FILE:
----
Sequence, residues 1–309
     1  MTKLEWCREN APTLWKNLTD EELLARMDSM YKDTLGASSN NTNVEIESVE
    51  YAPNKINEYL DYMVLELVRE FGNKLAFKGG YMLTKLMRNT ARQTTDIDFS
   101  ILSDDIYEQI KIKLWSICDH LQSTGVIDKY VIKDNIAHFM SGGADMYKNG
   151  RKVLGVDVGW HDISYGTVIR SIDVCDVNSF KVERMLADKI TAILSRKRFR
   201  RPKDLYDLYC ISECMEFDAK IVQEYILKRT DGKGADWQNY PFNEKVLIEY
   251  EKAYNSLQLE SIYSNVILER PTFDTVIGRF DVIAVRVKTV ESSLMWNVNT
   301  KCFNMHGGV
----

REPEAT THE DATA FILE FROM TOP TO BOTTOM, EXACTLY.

Sequence, residues 1–309
     1  MTKLEWCREN APTLWKNLTD EELLARMDSM YKDTLGASSN NTNVEIESVE
    51  YAPNKINEYL DYMVLELVRE FGNKLAFKGG YMLTKLMRNT ARQTTDIDFS
   101  ILSDDIYEQI KIKLWSICDH LQSTGVIDKY VIKDNIAHFM SGGADMYKNG
   151  RKVLGVDVGW HDISYGTVIR SIDVCDVNSF KVERMLADKI TAILSRKRFR
   201  RPKDLYDLYC ISECMEFDAK IVQEYILKRT DGKGADWQNY PFNEKVLIEY
   251  EKAYNSLQLE SIYSNVILER PTFDTVIGRF DVIAVRVKTV ESSLMWNVNT
   301  KCFNMHGGV